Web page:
David L. Cook
Peak performance coach and speaker
Cook is a past president of the National Sport Psychology Academy and was selected to represent the United States at the International Olympic Academy in Olympia, Greece, in 1988.
Cook received his undergraduate degree from Baylor University and a master’s and doctorate in applied sport and performance psychology from the University of Virginia.
First Tee of Fort Worth
First Tee of Fort Worth uses golf to help young people develop life skills that set them up for success.
Sports success and psychology go hand-in-hand. At least that’s the philosophy of David Cook, and he should know.
Cook, who recently moved to Fort Worth, spent eight seasons as the team psychologist for the San Antonio Spurs of the National Basketball Association from 1996-2004. During that time they won their first two (1999, 2003) of five NBA championships — the other titles came in 2005, 2007 and 2014. He was also with the college basketball powerhouse Kansas Jayhawks from 1984-96.
Along with his profession, Cook is an avid golfer. He’s been playing since he was 6 and developed his real passion for the game at age 12.
“They built a golf course down the street when I was 12, and that’s when I really took off,” he recalled. “A young pro came in and took me under his wing. His name was Johnny Arreaga. He was the inspiration for my career. He helped me understand the mental side of the game.”
Arreaga was also an inspiration for Cook’s novel Golf’s Sacred Journey: Seven Days at the Links of Utopia. He was also inspired by some family property.
“We have a ranch down in Utopia [Texas], and an old cowboy [Wayne Wilcher] built a driving range near there,” Cook said. “He was actually a goat rancher. We call bad golf courses goat ranches — and this one actually was a goat ranch.”
Seven Days is about a young golfer who loses his touch. He connects with a rancher who has a passion for teaching truth. In 2011, the story was made into a movie titled Seven Days in Utopia starring Robert Duvall as the rancher.
“It’s a reflection of every athlete I’ve ever worked with. I rolled them all into one guy,” Cook said of the golfer character.
Cook said he chose a novel to convey his psychological message because “it was time to write something, and I didn’t want to write a 1-2-3 how-to book.”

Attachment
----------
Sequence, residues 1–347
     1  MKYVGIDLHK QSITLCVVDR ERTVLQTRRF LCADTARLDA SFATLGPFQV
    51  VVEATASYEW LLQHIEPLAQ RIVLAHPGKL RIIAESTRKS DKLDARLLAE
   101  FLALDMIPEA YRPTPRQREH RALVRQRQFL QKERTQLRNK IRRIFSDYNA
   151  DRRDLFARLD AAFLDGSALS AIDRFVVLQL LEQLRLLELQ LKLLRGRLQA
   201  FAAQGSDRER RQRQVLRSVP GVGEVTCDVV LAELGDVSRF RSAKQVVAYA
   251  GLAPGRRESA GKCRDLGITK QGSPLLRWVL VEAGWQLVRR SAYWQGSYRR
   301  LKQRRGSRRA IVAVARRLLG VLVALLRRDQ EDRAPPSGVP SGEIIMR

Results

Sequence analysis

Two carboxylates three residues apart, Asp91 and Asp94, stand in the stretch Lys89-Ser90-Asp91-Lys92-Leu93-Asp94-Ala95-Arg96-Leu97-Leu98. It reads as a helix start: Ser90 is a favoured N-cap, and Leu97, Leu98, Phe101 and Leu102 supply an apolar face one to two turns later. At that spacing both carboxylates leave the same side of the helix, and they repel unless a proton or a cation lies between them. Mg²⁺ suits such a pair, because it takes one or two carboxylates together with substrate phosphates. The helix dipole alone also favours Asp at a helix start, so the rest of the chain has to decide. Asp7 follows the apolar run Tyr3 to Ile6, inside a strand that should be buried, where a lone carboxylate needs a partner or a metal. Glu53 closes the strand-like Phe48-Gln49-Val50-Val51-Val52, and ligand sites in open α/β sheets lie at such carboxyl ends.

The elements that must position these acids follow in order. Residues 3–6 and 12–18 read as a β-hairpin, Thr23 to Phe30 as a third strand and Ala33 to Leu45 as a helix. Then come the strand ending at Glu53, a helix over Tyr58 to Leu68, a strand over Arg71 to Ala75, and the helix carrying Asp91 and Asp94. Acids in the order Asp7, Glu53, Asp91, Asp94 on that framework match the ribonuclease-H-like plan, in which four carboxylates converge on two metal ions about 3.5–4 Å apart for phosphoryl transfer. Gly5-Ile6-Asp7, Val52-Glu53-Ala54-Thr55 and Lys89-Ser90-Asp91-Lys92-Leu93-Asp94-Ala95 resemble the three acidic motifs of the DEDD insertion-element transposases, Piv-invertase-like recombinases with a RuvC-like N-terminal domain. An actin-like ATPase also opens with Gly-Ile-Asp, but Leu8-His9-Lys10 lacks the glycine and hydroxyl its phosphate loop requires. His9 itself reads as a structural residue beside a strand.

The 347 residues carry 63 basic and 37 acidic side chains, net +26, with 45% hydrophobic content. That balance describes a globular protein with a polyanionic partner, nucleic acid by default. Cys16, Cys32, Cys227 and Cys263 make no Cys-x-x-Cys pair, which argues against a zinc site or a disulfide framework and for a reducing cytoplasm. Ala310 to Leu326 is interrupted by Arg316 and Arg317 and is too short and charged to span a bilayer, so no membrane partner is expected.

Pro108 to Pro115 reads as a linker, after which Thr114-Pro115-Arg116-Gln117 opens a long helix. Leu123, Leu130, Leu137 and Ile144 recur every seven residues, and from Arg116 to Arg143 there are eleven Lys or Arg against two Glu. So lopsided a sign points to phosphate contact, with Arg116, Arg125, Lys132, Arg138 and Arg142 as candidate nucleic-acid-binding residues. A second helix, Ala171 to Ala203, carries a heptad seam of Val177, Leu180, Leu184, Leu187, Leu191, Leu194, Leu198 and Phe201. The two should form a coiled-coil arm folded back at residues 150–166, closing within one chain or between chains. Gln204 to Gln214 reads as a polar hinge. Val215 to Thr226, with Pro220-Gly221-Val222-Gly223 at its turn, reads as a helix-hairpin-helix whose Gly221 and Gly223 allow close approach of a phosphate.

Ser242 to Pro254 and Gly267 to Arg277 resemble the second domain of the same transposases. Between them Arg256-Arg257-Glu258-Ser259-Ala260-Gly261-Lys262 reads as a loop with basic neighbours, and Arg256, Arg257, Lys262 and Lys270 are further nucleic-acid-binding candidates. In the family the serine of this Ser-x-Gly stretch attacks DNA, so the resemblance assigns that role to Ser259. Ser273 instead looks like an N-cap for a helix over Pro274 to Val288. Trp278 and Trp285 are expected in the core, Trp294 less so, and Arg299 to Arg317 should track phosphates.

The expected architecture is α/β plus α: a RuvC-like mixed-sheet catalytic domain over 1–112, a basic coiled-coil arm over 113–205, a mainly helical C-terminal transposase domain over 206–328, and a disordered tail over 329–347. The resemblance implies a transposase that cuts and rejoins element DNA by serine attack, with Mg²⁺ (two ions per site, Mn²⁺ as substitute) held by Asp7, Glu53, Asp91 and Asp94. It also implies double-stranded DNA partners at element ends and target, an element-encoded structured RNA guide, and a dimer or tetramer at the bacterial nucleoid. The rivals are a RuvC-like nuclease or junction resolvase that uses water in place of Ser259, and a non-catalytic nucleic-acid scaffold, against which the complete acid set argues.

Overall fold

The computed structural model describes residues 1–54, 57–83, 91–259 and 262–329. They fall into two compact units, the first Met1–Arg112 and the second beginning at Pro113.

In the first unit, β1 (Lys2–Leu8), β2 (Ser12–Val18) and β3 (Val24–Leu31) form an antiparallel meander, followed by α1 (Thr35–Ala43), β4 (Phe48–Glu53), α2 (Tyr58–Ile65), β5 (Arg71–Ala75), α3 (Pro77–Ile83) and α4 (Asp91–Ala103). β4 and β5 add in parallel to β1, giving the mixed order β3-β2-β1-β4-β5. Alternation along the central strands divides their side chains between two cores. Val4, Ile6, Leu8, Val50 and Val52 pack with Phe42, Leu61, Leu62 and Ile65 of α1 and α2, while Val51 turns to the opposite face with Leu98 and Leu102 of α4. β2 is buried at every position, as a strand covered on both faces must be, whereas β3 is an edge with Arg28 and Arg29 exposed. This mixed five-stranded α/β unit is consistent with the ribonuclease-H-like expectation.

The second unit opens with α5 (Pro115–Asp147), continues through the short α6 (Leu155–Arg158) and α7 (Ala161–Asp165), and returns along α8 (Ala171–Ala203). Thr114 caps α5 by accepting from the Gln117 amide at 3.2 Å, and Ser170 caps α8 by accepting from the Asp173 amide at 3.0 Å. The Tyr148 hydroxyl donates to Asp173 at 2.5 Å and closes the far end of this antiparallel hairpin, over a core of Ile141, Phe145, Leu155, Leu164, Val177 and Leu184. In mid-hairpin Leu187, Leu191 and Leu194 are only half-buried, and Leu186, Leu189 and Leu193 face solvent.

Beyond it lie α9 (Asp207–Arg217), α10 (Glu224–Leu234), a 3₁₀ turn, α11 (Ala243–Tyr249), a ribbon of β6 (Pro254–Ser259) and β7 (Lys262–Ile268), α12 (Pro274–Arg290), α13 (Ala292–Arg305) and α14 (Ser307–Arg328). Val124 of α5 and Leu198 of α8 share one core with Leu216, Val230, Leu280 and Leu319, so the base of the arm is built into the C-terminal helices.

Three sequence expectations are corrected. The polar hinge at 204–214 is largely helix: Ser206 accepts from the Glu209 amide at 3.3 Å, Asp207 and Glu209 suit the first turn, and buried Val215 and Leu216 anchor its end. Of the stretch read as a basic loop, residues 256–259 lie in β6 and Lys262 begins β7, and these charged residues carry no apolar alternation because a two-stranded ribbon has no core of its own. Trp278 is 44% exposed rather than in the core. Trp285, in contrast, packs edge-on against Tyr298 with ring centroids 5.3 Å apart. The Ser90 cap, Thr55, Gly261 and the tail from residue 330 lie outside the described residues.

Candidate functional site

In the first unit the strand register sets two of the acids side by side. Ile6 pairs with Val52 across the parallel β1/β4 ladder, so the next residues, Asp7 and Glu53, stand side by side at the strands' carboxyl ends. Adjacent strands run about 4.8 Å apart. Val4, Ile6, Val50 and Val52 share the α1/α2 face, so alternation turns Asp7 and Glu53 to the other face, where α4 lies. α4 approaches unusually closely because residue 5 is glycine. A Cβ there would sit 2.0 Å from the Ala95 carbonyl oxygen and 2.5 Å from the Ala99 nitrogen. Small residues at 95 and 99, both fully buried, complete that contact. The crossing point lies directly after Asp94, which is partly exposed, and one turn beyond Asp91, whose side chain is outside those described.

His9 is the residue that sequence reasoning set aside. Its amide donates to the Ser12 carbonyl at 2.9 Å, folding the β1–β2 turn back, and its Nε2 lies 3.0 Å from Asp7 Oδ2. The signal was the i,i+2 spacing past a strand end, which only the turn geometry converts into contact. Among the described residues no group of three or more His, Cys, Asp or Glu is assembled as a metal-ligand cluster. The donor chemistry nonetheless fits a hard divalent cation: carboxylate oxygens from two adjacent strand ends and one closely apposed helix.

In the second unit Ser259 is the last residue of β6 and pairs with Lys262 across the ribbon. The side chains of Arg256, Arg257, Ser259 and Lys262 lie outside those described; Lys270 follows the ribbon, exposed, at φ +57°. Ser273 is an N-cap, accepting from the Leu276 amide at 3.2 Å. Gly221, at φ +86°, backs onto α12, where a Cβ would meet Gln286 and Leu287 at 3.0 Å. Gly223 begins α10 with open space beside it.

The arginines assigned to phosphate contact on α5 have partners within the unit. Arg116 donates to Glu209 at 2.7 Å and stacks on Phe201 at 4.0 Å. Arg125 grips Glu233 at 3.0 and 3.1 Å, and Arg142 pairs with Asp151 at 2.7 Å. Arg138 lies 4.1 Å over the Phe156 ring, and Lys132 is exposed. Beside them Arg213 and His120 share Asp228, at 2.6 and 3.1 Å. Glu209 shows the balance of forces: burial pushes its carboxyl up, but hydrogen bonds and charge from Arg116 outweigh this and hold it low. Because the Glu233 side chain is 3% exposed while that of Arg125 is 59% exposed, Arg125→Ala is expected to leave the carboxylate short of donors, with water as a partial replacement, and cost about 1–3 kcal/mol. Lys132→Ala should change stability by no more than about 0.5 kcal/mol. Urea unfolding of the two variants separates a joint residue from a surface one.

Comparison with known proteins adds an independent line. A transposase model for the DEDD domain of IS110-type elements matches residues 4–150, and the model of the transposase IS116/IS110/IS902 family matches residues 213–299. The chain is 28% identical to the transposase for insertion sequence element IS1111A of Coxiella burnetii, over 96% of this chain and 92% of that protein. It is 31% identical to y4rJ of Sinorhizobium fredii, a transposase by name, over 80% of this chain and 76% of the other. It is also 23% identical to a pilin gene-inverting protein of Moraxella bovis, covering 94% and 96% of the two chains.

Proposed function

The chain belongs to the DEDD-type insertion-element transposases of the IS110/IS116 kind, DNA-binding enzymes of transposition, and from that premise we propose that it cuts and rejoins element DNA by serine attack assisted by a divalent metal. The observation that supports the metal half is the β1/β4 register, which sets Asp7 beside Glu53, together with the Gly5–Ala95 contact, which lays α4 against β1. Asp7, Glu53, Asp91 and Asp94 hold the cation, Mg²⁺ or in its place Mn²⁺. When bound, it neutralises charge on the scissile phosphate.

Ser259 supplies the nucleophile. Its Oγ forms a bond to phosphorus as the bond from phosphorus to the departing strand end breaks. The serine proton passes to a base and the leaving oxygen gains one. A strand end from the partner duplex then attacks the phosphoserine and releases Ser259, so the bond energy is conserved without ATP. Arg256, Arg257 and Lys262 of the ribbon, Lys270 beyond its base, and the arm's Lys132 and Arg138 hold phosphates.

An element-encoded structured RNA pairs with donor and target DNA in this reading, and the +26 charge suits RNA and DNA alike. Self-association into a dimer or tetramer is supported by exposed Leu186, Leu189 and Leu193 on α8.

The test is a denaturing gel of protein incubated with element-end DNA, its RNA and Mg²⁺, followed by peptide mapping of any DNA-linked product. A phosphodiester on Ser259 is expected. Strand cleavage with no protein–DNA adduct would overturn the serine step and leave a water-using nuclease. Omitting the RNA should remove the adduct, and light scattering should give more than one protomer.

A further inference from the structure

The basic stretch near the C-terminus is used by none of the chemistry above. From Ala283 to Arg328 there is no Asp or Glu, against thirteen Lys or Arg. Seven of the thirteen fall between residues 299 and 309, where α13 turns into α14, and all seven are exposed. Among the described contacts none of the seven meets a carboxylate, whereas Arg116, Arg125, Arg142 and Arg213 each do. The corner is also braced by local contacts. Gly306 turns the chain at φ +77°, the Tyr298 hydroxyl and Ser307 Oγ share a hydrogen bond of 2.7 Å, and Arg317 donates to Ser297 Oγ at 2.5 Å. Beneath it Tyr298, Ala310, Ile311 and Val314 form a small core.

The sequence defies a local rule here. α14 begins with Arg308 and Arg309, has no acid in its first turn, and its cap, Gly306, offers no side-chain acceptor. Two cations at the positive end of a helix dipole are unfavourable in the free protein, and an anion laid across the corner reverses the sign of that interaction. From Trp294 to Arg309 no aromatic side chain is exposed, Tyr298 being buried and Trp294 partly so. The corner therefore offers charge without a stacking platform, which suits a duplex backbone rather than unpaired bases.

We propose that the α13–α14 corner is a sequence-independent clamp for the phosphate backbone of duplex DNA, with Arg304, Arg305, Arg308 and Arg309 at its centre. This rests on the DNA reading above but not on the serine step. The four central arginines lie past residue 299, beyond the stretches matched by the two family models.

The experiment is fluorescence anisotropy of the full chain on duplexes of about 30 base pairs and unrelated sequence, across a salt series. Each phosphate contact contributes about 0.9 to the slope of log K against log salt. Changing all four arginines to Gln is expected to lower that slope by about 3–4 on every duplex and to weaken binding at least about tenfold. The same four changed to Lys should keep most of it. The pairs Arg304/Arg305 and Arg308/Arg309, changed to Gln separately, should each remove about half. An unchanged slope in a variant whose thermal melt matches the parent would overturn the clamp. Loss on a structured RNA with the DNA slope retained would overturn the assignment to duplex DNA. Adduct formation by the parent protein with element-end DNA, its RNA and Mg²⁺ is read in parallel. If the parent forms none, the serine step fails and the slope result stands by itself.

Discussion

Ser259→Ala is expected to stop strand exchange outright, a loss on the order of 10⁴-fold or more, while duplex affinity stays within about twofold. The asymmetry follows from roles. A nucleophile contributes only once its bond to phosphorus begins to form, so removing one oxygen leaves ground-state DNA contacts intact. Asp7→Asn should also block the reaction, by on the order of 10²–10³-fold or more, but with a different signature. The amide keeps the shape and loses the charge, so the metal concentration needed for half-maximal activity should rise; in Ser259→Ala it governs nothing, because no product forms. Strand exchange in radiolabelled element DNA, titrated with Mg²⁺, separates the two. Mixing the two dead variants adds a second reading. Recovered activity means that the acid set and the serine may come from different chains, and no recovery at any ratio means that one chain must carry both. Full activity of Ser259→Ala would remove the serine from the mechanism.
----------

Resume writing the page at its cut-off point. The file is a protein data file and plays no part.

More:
He’s written a sequel, entitled Golf’s Sacred Journey: Seven More Days in Utopia. It’s about two young golfers pursuing their dreams of winning the U.S. Open while tackling trials, overcoming fear and experiencing redemption.
“It’s about the hardest U.S. Open in the history of the world,” he said. Coincidentally, the recent U.S. Open was one of the hardest ever played.
His latest book, The Mindset of Greatness, is currently being edited, he said. He said it is a general performance guide for life, including stories relating to life and business.”
Cook is an advocate for promoting the game of golf among youngsters, and he particularly likes the First Tee program. The First Tee brings golf to youths who might not otherwise have the opportunity to learn, particularly boys and girls from underprivileged families.
“The principles I teach are so important for these kids. I provide information so people can reach their potential, and the First Tee teaches these kids the same thing,” he said. “Who’s the next generation that’s going to keep golf going? Getting young people out on the courses is important.”
Cook plays golf as often as he can, though that’s often in tournaments such as club championships at places such at Mira Vista locally and Boot Ranch in Fredericksburg.
He also spends a good amount of time speaking to the corporate world.
“There’s a strong correlation between sports and the business world,” he said. “If you do either for a living, you’d better be good or find something else to do.”